This function in my Profile model receive a hash from a search form and should filter the table depending on those values. I guess there is something like a pattern for such a standard behavior, right now I ended up with this (unfortunately I had to reproduce the code here, so it might not work for some reasons, but you get the idea).

Just a note: we're storing in the model some strings containing multiple data, each of these fields should be a one-to-many relationship (db normality violation). I give an example: country_preferences is a string filled up by an html select :multiple => true. In the string I then find values like: ["Australia", "China", "United Kingdom"].

  def search opts # This default doesn't work the way I would like = {:user_type => :family}

    #TODO: default opts value in method sign if possible
    opts[:user_type] ||= :family

    # initial criteria
    fields= "user_type= ?"
    values= [opts[:user_type]]

    # each field filters the list in one of these three ways
    staight_fields = [ :country, :first_name, :last_name, :nationality ]
    like_fields = [:country_preferences, :keyword, :languages ]
    bool_fields = [:driver, :housework, :children ]

    # cicle the options and build the query    
    opts.each do |k, v|
      if straight_fields.include? k
        fields += " AND #{k} = ?"
        values += v
      elsif like_fields.include? k
        fields += " AND #{k} like %?%"
        values += v
      elsif bool_fields.include? k
        fields += " AND #{k} = ?"
        values += v == 'true'
        logger.warn "opts #{k} with value #{v} ignored from search"

    # execute the query and return the result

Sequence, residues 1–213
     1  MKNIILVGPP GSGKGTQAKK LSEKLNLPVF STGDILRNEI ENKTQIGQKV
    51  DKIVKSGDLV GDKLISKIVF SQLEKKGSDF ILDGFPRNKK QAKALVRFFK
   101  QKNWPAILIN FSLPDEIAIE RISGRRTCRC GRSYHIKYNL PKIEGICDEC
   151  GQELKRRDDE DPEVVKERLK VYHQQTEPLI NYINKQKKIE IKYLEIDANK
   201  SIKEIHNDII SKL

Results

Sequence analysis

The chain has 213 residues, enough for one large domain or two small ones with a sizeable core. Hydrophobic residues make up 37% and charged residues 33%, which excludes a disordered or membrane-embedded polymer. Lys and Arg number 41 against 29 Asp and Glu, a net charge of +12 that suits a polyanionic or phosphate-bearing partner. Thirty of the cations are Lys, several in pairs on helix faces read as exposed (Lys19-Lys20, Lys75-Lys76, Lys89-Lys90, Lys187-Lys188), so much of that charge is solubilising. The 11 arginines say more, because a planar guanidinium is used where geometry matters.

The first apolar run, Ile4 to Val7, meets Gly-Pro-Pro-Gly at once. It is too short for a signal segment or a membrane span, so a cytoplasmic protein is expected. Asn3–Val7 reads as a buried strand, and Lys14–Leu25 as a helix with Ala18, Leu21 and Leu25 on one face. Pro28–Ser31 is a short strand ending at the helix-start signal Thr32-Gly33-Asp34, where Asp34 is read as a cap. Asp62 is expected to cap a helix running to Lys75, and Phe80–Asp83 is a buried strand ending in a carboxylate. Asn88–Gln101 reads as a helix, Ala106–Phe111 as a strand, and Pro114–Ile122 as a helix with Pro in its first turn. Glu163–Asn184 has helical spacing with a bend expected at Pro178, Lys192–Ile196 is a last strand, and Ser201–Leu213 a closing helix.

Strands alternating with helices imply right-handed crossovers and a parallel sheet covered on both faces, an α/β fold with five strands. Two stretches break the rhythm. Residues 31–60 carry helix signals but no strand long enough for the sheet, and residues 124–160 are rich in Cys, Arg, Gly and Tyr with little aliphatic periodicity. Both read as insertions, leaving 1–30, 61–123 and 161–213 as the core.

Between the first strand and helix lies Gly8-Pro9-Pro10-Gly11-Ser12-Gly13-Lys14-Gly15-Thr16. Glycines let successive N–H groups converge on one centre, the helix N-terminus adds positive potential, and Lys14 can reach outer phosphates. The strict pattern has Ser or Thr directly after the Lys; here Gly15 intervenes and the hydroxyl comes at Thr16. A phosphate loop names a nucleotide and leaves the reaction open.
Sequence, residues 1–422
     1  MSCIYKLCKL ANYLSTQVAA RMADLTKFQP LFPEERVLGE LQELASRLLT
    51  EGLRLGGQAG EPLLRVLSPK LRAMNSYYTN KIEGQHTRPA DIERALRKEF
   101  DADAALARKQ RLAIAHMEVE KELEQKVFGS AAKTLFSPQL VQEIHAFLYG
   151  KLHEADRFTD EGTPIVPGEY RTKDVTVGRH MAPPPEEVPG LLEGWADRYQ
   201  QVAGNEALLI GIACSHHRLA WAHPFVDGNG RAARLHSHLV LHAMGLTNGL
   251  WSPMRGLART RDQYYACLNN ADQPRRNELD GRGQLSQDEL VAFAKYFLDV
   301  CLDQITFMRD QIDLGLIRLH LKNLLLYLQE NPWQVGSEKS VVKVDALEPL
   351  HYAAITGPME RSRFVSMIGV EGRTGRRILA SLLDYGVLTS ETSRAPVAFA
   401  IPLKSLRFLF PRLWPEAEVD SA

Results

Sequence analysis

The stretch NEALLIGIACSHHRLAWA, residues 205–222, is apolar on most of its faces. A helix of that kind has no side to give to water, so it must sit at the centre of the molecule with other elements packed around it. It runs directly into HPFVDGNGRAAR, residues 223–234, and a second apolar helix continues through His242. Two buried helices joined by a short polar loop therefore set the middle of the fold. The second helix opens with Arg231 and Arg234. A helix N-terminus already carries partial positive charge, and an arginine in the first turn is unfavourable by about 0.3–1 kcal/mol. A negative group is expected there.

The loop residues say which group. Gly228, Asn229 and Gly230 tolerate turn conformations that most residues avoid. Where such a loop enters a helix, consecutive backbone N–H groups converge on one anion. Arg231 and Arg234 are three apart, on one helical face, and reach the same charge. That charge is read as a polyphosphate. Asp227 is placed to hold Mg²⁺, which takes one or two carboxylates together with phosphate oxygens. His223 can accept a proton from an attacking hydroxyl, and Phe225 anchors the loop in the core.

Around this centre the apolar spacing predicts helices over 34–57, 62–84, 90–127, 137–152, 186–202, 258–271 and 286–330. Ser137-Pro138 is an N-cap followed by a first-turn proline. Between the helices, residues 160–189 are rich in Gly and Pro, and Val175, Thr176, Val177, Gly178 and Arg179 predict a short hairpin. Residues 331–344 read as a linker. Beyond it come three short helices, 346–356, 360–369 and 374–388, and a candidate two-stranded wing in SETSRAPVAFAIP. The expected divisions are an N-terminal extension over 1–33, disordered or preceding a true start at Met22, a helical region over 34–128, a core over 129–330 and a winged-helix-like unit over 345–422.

self.registered.actives.where([fields] + values)   

I think I can use more scope but how can I combine them together? In general, how can I make this code much better?

The boss, when introducing the project, said one-to-many relationships for that kind of fields would be a pain in the back. What do you think about this pragmatic solution?

  • 1
    \$\begingroup\$ Does the code you posted in your edit actually work? It seems like you're missing profiles = at the beginning of every line after the first and a final profiles at the end of the method. \$\endgroup\$
    – sepp2k
    Feb 1, 2011 at 18:40
  • \$\begingroup\$ Good point! - I've already corrected my code and I'm not going to refactor, but that behavior (getting rid of all the assignment) can be achieved with a dynamic delegator explained by Ryan Bates railscasts.com/episodes/212-refactoring-dynamic-delegator \$\endgroup\$
    – ecoologic
    Feb 11, 2011 at 23:21

1 Answer 1


Have you looked into using a pre existing gem for this? I found one called has_scope that seems like it might do exactly what you're trying to refactor. You would need to add a scope for each of your filters and then add some has_scope calls in your controller.

Here's a few examples. I'm not as familiar with Rails 3 scopes as I am with 2, so the code likely won't work as is.


class Profile < ActiveRecord::Base
  scope :country, lambda {|country| where(:country => country) }
  scope :keyword, lambda {|keyword| where(["keyword LIKE :term", {:term => "%#{keyword}%"}]) }
  scope :driver, where{:driver => true)


class ProfileController < ApplicationController
  has_scope :country
  has_scope :keyword
  has_scope :driver, :type => :boolean
  • \$\begingroup\$ this plugin looks easy tiny and tested, I would avoid to install an external plugin to substitute a single function used once, but when I have some time I'm going to dive in the code, there should be something to learn, thanks \$\endgroup\$
    – ecoologic
    Feb 1, 2011 at 9:24
  • \$\begingroup\$ thanks a lot, that was it, but you don't need to declare scopes like country or driver, as you can see in the question edit you have by default scoped_by_driver(true) that works the same. \$\endgroup\$
    – ecoologic
    Feb 2, 2011 at 9:17
  • \$\begingroup\$ I didn't even know about the scoped_by_* methods, great tip! \$\endgroup\$ Feb 2, 2011 at 13:12

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